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The Reformation

The Reformation

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The Reformation

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  1. The Reformation

  2. The Reformation The demand for religious changes in the church Martin Luther (1483-1546) --born into a miner’s family in Saxony in central Germany --Studying to become a lawyer --Has two life changing experiences

  3. The Reformation Bolt of Lighting He is crossing a field during a thunderstorm. He is thrown to the ground by a bolt of lighting. He cries out to St. Anne that he would enter a monastery. He is obsessed with his own sinfulness and joins a monastery in the hope that he would overcome his sense of guilt. His superiors realized his intellectual gifts and assigned him to the university at Wittenberg in 1508. He has his second life changing experience in 1512.

  4. The Reformation The Experience in the Tower He realized that he only needed to rely on god’s mercy. This was achieved by faith alone.

  5. The Reformation Indulgence Controversy What is an indulgence? It released a sinner from a certain period of punishment in purgatory before they went to heaven. It was sold originally to people going on a crusade. Why is this an issue? In 1517, Johann Tetzel was selling indulgences as part of a fund-raiser to pay for St. Peter’ s church in Rome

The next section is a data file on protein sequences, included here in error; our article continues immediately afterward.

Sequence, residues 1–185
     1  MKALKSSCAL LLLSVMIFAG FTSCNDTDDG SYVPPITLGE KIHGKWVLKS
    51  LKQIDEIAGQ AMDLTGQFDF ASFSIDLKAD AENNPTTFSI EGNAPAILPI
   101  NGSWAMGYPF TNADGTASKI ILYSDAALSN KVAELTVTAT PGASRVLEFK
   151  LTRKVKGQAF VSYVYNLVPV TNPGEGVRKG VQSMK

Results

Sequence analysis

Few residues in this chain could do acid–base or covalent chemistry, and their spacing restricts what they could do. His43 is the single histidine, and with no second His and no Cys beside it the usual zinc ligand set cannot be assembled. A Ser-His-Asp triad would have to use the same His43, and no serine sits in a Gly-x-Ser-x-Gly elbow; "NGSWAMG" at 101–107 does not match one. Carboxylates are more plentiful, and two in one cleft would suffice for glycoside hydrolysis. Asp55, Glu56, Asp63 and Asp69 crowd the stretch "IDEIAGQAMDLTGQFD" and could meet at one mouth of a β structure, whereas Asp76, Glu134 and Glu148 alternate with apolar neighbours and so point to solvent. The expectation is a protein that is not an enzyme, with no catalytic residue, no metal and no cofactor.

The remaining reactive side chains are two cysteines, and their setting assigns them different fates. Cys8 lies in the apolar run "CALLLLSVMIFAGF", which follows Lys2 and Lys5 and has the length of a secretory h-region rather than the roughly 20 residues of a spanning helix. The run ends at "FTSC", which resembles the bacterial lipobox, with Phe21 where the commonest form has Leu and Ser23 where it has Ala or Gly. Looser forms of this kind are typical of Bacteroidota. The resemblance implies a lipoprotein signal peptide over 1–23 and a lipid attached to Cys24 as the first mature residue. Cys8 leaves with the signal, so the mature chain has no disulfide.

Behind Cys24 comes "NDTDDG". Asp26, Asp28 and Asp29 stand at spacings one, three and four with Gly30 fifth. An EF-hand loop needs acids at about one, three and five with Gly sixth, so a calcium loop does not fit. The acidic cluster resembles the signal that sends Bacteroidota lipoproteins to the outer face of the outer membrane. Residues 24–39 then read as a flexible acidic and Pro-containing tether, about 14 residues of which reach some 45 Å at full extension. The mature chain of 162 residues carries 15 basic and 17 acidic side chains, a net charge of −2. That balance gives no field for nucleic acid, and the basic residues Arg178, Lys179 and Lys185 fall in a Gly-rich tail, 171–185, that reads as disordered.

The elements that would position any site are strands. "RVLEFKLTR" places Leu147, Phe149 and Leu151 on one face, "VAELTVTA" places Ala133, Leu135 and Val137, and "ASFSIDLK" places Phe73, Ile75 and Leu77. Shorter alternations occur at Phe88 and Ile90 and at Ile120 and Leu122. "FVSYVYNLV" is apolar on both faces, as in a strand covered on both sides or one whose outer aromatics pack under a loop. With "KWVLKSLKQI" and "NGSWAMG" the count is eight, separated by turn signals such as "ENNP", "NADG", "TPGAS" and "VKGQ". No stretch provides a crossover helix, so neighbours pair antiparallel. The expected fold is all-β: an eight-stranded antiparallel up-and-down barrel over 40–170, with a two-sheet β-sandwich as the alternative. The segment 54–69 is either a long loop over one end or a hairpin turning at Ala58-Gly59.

6. The Reformation So, why is it a problem? Tetzel sells indulgences without mentioning repentance. Martin Luther hears of this and posts the 95 Theses on October 31, 1517. He believes the promise of a general pardon is DAMNABLE

  7. The Reformation

  8. The Reformation The Diet of Worms 1520 Pope Leo X issued a bull excommunicating Luther. In 1521, Emperor Charles V, the Pope’s secular representative calls for Luther’s arrest and burning of his works. German princes aid him.

  9. The Reformation Diet of Worms Anton Alexander von Werner

  10. The Reformation Diet of Worms

  11. The Reformation Martin Luther at the Diet of Worms

  12. The Reformation Lutheran Doctrine and Practice 1. Nominalism The primacy of faith, the inadequacy of reason and the unknowableness of God.

  13. The Reformation Lutheran Doctrine and Practice 2. Faith and the Bible The Bible is the sole source of religious authority. Faith alone, not good works or receiving the sacraments, justifies the believer.

  14. The Reformation Lutheran Doctrine and Practice 3. Sacraments and the Mass Baptism and Eucharist are the only ones mentioned in the Bible. Transubstantiation VS. Consubstantiation Christian Lutheran Wafer and wine retain their appearance The real presence of Christ and the natural but their substance is transformed into substance coexist within the wafer and wine. the body and blood of Christ.

  15. The Reformation Lutheran Doctrine and Practice 4. Translation of the Bible The translation of the Bible was completed in 1534.

  16. The Reformation The Reformation

  17. The Reformation Spread of Lutheranism Ways Lutheranism spread printing press pamphlets broadsides princes/rulers Any person who accepted the basic doctrines of faith alone and scripture as the sole authority could be a Lutheran

  18. The Reformation Spread of Lutheranism Princes’ Issues If they follow Luther ………. but If they remain loyal ………